The union representing federal public servants wants the government to get with the times and give women coverage for more birth control options than just the pill.

Robyn Benson, president of the Public Service Alliance of Canada, said she wants to restart negotiations with Treasury Board Secretariat to modernize the union's healthcare plan. 

"It's 2017 now, so I don't think we should be forcing women to take birth control pills if it's not appropriate for them," Benson told CBC Radio's Ottawa Morning host Hallie Cotnam on Monday.

The current healthcare plan does not cover non-oral contraceptives, so other birth control methods such as the patch and intrauterine devices, would have to be paid out of pocket. 

Previous government struck down deal: PSAC

Benson said before she came into her role there was a deal between the union and Treasury Board to broaden the coverage of contraceptives, but it was struck down in 2011 by then-president Tony Clement. She said once the Liberals took power in 2015, she presumed they would bring back the expanded coverage "with a stroke of a pen."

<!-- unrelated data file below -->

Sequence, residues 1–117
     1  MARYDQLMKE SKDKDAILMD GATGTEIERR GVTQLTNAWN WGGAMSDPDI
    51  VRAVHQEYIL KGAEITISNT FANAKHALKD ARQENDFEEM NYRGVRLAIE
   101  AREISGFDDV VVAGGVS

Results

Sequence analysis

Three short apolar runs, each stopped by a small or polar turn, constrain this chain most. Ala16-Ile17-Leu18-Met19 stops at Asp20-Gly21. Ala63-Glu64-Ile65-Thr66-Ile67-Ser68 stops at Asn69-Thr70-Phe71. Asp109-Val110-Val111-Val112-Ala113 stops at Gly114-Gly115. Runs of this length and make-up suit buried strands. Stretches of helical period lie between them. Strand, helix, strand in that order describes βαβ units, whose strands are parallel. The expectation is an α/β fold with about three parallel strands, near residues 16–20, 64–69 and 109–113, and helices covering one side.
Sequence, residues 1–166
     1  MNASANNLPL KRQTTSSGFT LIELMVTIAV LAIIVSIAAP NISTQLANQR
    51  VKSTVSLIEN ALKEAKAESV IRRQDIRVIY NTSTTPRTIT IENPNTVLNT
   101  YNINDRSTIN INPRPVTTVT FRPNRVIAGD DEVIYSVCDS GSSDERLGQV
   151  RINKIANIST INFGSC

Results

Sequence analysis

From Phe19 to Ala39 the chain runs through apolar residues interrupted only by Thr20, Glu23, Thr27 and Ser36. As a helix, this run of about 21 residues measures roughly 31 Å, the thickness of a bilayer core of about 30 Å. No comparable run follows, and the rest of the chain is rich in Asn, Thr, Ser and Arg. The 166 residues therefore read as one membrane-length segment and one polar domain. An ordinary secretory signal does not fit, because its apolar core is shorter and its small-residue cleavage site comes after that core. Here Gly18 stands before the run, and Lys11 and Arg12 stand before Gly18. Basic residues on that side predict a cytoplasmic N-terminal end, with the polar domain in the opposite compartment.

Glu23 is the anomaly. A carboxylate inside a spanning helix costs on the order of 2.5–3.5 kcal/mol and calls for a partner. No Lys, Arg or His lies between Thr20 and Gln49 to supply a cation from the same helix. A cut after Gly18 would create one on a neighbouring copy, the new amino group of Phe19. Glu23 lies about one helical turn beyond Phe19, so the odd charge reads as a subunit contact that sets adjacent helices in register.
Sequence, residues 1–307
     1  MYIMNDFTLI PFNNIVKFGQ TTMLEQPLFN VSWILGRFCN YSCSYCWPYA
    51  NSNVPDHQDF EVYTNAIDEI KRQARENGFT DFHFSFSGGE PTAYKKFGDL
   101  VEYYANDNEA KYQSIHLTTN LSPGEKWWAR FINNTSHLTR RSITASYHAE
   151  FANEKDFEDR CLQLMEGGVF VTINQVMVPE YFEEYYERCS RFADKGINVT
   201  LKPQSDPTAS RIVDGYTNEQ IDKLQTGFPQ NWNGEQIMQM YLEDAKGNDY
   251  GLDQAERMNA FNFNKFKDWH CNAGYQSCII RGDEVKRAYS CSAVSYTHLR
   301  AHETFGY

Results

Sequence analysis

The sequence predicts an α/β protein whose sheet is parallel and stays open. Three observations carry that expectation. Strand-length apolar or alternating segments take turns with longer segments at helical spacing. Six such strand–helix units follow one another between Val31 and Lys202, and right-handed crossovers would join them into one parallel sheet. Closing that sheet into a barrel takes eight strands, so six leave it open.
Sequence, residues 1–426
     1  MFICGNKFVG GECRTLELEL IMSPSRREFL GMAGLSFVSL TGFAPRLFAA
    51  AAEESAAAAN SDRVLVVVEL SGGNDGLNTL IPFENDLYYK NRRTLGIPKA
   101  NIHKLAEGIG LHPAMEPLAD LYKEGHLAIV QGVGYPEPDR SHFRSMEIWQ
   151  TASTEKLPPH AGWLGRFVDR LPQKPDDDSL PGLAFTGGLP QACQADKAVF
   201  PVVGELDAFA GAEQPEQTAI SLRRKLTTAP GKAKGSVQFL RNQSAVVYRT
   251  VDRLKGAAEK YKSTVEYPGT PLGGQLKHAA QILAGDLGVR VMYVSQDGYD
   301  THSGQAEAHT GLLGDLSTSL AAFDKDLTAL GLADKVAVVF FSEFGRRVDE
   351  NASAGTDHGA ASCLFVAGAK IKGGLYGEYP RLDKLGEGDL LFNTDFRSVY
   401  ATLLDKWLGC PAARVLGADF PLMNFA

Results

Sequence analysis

Robyn Benson, president of the Public Service Alliance of Canada (PSAC).

According to Benson, the new campaign is about giving female public servants more choices. 

"There are some women who don't want to take the pill," he said. 

"There are a number of things contained in birth control pills that they may not want to be ingesting into their body and so there are other ways of birth control that I think this government should put into the health care plan."

Benson admits that the current healthcare plan is neither the worst nor the best, but said there is room for improvement. The United Nations has informed the Canadian government about improving access to birth control and sexual health, she added. 

In the meantime, negotiations are ongoing to determine if changes can be made. 

"We will look at where there can be savings to the plan and how we can reinvest those savings," Benson said. "We're certainly looking at what would make the plan equitable to all." 

Treasury Board said in an email to CBC News it is "committed to negotiating in good faith with all bargaining agents."

"Discussions regarding future changes to the [Public Service Health Care Plan] are ongoing. We won't speculate on the outcome of the discussions at this time," wrote spokesman Alain Belle-Isle. 

With files from CBC Radio's Ottawa Morning